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About Group have the sort of mixed bag line-up that could almost only exist as a side-project and won't be called a 'super-group' any time soon. They comprise Hot Chip frontman Alexis Taylor, sometime Spiritualized guitarist John Coxon, keys and electronics journeyman Pat Thomas and, their most senior member, Charles Hayward, drummer in experimental post-punkers This Heat. Other than a general propensity towards tuneful experimentation it isn't the sort of line-up that in itself offers up any specific clues as to the musical fruits of their collaboration, but the relaxed (although never soporific) pseudo-improvisations on Start and Complete share a cohesive sonic vocabulary and exactly the sort of vibe you would expect of an album recorded entirely within one day and with little preparation. It's a peculiarly subdued brand of spontaneity that About Group muster and one for which pleasantness is expertly done as it is overdone.
The sound of plaintive electric piano and organs dominate the album, playing the melodies which Taylor, the primary songwriter, wrote as the basis for the whole record. Sympathetic drumming and dry toned guitar are the most common bedfellows with the odd flourish of electronic noise a reminder of Taylor's dayjob. There's nary an in-your-face melody or a particularly abrasive sound to be found, the odd classic rock guitar crunch aside. Most tracks have a vaguely jazzy feel, nowhere more so than on the extended jam of Terry Riley cover 'You're No Good', but there are moments where this improvised playing merely indulges the jam-band clichés; see the drumming pauses, organ fills and guitar licks of the latter section of the aforementioned song. To their credit, however, it remains an interesting take on the tape-loop experimentations of the original, particularly the dissonant layer of organ which relocates the eerie static of the original's intro to the end of the song. Not to mention the fact that Alexis Taylor totally owns the soul-pop core of the song, assimilating the two original vocal parts into one.
However, it's Taylor's own melodic prowess that shines brightest throughout. Musically the gorgeous 'Don't Worry' is probably not a million miles away from Rod Stewart's swaggering ballads, but Alexis Taylor's gently reassuring vocals certainly are and the wah-wah guitar noodling, which would otherwise border on tasteless is somehow tempered by the languorous feel. Likewise, following track 'With Each New Day' transcends the clumsy guitar twiddling by virtue of a gorgeous almost imperceptible swell (perhaps more of a blush) throughout the entire song, from the submerged tremor of the spare guitar strums to Charles Hayward's subtle drumming variations culminating in flurries of hi-hat. If it's possible to tenderly drill a snare drum Hayward achieves it on 'Perspective', the nuanced playing all the more appreciable thanks to the raw, but clean, production. The song itself is another electric piano and organ heavy bit of sappiness, which actually sounds like it resolves itself in the following the track, the very brief and focussed uplift of 'There's A Way To End This Run Of Doubt'.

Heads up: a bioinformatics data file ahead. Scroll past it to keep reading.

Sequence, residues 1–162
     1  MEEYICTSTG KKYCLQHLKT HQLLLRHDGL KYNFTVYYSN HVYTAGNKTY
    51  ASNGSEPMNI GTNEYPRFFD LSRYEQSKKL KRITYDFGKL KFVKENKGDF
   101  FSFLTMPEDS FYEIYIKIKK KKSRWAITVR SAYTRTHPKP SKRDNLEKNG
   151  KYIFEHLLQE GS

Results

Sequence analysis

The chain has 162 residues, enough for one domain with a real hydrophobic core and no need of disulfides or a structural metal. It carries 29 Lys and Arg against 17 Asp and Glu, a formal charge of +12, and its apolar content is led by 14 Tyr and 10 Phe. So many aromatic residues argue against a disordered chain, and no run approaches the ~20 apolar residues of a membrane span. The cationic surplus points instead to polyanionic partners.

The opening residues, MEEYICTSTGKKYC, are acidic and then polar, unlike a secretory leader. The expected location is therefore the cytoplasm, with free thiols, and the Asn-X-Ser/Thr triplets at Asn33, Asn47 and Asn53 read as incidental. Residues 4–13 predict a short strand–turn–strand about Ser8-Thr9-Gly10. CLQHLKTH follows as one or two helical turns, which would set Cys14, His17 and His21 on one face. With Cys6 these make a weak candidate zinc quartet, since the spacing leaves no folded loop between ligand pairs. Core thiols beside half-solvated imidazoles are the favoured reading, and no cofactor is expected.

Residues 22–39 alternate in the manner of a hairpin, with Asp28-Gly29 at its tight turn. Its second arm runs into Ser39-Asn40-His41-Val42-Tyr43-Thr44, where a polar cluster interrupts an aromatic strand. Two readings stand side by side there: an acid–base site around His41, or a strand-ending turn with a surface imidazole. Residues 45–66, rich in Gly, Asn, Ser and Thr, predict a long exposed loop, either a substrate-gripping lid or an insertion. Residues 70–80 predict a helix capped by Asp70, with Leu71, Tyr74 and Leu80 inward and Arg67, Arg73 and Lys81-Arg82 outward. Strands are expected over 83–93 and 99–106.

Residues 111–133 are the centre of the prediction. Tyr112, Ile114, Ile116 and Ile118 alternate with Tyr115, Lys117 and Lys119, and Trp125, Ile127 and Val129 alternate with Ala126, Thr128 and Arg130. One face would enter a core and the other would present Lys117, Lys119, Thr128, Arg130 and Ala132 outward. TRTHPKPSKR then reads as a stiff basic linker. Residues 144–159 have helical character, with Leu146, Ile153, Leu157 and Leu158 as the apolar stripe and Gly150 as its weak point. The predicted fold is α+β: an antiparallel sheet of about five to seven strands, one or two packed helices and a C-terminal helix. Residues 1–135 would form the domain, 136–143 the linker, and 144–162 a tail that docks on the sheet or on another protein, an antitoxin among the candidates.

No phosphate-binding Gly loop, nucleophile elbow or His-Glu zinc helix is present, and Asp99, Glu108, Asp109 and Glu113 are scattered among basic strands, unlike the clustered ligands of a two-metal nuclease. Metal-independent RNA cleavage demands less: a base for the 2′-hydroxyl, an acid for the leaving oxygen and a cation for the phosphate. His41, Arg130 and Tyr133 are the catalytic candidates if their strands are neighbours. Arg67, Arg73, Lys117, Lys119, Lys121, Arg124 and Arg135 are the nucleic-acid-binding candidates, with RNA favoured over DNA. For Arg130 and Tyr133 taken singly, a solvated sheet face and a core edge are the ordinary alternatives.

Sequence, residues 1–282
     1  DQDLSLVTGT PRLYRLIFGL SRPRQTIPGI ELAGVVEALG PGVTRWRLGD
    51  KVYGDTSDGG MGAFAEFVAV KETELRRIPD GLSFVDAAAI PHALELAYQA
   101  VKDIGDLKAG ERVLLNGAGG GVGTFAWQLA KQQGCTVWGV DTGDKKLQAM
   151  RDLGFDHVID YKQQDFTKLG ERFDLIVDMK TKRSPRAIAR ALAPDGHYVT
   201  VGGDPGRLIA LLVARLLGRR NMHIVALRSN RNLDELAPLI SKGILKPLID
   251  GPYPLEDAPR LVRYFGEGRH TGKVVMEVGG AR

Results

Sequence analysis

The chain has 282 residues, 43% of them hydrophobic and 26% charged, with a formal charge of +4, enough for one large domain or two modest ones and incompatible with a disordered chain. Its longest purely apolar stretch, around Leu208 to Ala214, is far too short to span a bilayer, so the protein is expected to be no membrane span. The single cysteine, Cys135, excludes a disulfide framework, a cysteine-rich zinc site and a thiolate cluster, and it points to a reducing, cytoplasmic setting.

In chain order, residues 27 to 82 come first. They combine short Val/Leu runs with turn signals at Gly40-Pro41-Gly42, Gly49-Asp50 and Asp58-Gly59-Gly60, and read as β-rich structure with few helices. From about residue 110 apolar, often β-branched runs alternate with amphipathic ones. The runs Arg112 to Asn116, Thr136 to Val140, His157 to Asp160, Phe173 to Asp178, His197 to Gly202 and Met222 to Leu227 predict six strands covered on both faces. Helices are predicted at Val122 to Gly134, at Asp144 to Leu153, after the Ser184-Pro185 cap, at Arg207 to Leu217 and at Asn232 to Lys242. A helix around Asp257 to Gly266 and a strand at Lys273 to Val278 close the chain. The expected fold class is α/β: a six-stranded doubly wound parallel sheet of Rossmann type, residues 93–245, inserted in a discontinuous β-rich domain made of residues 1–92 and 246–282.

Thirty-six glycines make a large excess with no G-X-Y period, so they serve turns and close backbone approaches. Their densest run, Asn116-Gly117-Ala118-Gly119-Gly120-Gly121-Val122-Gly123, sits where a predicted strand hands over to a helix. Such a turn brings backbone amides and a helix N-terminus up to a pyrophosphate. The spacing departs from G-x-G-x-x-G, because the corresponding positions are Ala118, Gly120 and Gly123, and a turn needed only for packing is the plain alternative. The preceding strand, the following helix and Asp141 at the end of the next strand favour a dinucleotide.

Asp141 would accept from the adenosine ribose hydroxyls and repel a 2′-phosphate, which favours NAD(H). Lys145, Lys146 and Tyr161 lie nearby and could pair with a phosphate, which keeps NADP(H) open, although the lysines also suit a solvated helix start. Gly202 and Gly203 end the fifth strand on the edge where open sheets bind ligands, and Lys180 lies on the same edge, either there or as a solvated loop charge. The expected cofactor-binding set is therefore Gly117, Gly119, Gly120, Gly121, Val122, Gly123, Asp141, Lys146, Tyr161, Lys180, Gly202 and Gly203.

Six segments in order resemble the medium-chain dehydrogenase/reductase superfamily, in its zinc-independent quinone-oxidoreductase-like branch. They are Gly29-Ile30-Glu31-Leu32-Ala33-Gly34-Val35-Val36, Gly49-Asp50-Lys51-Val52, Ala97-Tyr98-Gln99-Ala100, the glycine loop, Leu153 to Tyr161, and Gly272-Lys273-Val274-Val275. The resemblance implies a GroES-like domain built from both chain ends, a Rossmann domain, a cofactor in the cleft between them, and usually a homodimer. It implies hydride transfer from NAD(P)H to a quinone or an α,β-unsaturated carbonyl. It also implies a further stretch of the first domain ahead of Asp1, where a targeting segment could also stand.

The downside to About Group's approach to recording Start and Complete is their over-reliance on a few specific sounds. The record's cohesion of style and mood becomes a drawback over an album's length. While no parts were set in stone before recording, it sounds like the musicians' different instruments/roles were rather strictly adhered to. While About Group are never less than tuneful, too many of the songs feature plaintive melodies played on electric piano and organ, which unsurprisingly starts to weary. Where the melodies are occasionally less memorable or affecting there's a tendency compensate with incongruous sounds, like the crude organ undermining 'Dreamt I Saw You Late Last Night'. The eccentric organ trills of 'Repair Man' are its only distinguishing feature, but on the other hand 'Sinking Song' stands out stylistically with its appropriately rippling organs and submerged pounding toms, but lacks the melodic chops. If the album is listened to in sequence the title-track (12 of 14) is just a paler version of earlier tracks with tokenistic off-key piano. Thankfully, 'Rough and Smooth' is both remarkably intimate, just Taylor's vocals and simple organ for it first half, and also possessed of a restrained, but spontaneous, extravagance provided by unexpected runs up and down the piano. It's goes a little way to redressing the front-loading.
It's easy to wonder whether Start and Complete might have felt closer to the latter word of the title if more time had been spent on collaborative writing and recording, but conversely that may have just sacrificed the casual and relaxed spontaneity which is About Group's greatest charm, while also diluting Taylor's songwriting. Essential only for Alexis Taylor's fanbase? Yes, but an intriguing and easily loveable record for many more.